ues. Even the fishermen seemed different from the ones she remembered at home. Instead of the heavy navy jerseys they wore sweaters knitted from natural unwashed wool with Indian designs in brown and black that stood up boldly against the creamy background; only their Wellingtons and sou’westers were familiar. The women wore either slacks and bright blouses or cotton dresses, while the children who raced around the edge of the landing platform balancing precariously over the water wore miniature versions of their parents’ garb or jeans and T-shirts. Small boats powered with noisy outboard motors escorted the
Queen of the Isles
to her berth.
A cool voice sounded in her ears. “You must be Miss Griffiths. Welcome to Mary Harbor.”
Sheila looked up quickly to meet the steady gaze of a plump white-haired woman. Some air of authority flicking through the greeting warned Sheila that this must be Miss Painter, her new matron.
“Thank you, Matron,” she said quietly. She gestured toward the crowd. “I understood from your letter that Mary Harbor was a very quiet place.”
Joyce Painter smiled at the tall fair-haired girl. “This only happens on boat day. Otherwise, apart from the occasional boat putting in for gas or provisions at the store, the place is deserted.”
The Matron’s blue eyes roved over the group of passengers with a puzzled expression. When she spoke, it was half to
erself. “I don’t see any sign of Doctor Graham.”
Sheila hesitated. “The First Officer did say he understood Doctor Graham was ill, and he pointed out someone called Greenwood, someone with very red hair.”
The Matron stared at her. All the friendliness had gone out of her face, the gentle curve of her mouth had disappeared into a thin straight line, and even the blue of her eyes had faded into sternness. “Alan Greenwood? Are you sure, girl?”
She spoke roughly, and Sheila knew disturbingly that the woman was furious. Sheila nodded, but before she could say anything more, a voice sounded behind them.
“Miss Painter? I’m Alan Greenwood, the new surgeon appointed to Harbor Hospital.”
Sheila felt sorry for him, although she still felt a burning resentment at his recent rudeness to her.
The matron looked him up and down, and Sheila could feel his six feet shrinking down to size. “New surgeon? It’s news to me. I’m expecting Doctor Graham.”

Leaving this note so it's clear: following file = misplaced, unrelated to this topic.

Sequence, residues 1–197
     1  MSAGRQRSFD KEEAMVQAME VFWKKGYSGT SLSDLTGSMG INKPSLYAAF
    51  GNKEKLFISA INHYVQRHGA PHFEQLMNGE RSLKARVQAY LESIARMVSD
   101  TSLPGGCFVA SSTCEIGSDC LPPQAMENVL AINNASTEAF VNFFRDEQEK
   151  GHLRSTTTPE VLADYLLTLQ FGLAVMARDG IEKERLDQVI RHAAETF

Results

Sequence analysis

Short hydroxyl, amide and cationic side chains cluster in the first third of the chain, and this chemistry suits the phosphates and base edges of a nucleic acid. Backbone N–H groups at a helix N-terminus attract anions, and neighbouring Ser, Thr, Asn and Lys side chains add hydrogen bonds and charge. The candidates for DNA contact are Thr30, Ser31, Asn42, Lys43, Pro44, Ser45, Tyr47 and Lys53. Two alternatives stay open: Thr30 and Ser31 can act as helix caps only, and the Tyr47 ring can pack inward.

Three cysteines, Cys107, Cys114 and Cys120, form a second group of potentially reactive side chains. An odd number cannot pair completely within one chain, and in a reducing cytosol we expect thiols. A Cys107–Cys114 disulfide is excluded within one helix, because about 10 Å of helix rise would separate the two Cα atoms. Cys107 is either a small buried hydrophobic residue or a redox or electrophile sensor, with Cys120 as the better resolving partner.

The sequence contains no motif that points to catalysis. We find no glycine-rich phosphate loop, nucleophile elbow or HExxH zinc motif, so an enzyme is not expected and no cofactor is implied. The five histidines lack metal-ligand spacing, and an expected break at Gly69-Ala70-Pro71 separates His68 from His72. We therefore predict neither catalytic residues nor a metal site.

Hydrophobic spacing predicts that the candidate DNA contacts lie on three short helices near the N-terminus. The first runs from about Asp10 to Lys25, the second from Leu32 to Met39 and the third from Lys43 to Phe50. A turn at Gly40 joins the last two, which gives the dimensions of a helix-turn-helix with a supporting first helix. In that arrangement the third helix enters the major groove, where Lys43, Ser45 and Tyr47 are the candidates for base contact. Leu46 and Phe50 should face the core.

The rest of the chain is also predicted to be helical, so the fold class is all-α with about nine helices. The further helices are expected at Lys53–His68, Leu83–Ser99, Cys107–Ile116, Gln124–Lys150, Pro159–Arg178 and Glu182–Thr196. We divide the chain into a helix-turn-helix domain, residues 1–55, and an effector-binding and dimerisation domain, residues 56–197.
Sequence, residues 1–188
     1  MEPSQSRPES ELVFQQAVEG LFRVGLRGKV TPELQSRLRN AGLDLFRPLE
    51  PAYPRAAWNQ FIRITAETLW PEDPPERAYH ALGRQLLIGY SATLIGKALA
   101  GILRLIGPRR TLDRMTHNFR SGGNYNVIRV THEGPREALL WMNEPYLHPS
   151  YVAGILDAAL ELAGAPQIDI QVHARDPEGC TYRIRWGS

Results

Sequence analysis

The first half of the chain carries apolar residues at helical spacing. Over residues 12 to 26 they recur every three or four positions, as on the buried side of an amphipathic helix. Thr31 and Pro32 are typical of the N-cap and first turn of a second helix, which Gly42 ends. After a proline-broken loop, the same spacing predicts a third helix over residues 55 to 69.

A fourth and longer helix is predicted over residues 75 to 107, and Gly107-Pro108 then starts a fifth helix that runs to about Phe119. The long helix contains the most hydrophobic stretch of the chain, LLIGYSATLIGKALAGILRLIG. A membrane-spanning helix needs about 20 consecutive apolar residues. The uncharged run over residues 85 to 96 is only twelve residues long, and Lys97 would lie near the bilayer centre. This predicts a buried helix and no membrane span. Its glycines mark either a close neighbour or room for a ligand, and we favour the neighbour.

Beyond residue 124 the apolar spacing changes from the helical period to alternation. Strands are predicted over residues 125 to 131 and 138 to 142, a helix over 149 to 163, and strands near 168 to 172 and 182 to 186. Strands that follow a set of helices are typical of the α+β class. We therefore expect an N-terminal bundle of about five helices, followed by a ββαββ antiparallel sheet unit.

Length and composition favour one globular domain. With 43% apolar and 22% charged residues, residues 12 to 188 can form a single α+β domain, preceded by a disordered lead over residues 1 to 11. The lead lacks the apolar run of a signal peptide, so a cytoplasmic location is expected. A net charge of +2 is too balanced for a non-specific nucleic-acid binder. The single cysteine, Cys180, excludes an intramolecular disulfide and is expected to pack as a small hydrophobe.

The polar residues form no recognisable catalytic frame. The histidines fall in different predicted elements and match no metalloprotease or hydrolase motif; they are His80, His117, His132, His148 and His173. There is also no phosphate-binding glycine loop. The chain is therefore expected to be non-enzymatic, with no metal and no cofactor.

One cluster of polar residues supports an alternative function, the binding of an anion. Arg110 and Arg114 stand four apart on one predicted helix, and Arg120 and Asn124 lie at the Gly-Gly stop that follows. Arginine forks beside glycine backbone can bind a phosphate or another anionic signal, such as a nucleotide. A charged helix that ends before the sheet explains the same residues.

Alan Greenwood tried to be patient. “Doctor Graham is ill, and the hospital board have appointed me in his place. No doubt the letter has been delayed, and may be in one of the mailbags coming ashore.”
Joyce Painter showed no signs of relenting. “Indeed! I suppose, since the board has seen fit to appoint you, we will have to put up with it.”
Alan’s face visibly paled as he strove to control his rising temper. Even his hair seemed to pale. “I’m very sorry that I’m a disappointment to you, Matron, but I assure you that I will do my level best for Harbor Hospital.”
The Matron shrugged her shoulders. Her anger seemed to leave her as abruptly and inexplicably as it had come. She pointed out the places of interest as the hospital launch made its way to the head of the bay where the hospital had its own landing platform. A small truck drew up, and a short, wiry man leaned against it.
Matron was crisp and to the point. “Jim, take the doctor’s and Miss Griffiths’ luggage over to the hospital and then come back for the stores. Paddy hasn’t turned up? Drunk again, no doubt!”
Jim scratched his head and moved leisurely toward the pile of cases. “Yes’m. I guess you’re right. Paddy never was what you’d call reliable.”
The Matron ignored him and led the two newcomers along a wooded path through an unexpected rock garden nestling at one corner of the hospital. She ushered them into a small lounge; one wall was all glass and revealed a breathtaking view of the sea and mountains beyond.
Alan and Sheila moved with one accord toward the window and looked spellbound at the scene.
The Matron watched them with a peculiar smile of satisfaction on her face, and once again there was a gentle curve to her mouth. “I’m glad you like our view. We were lucky to have an architect with a sense of beauty as well as one of utility. Perhaps you would like tea before I show you your quarters.”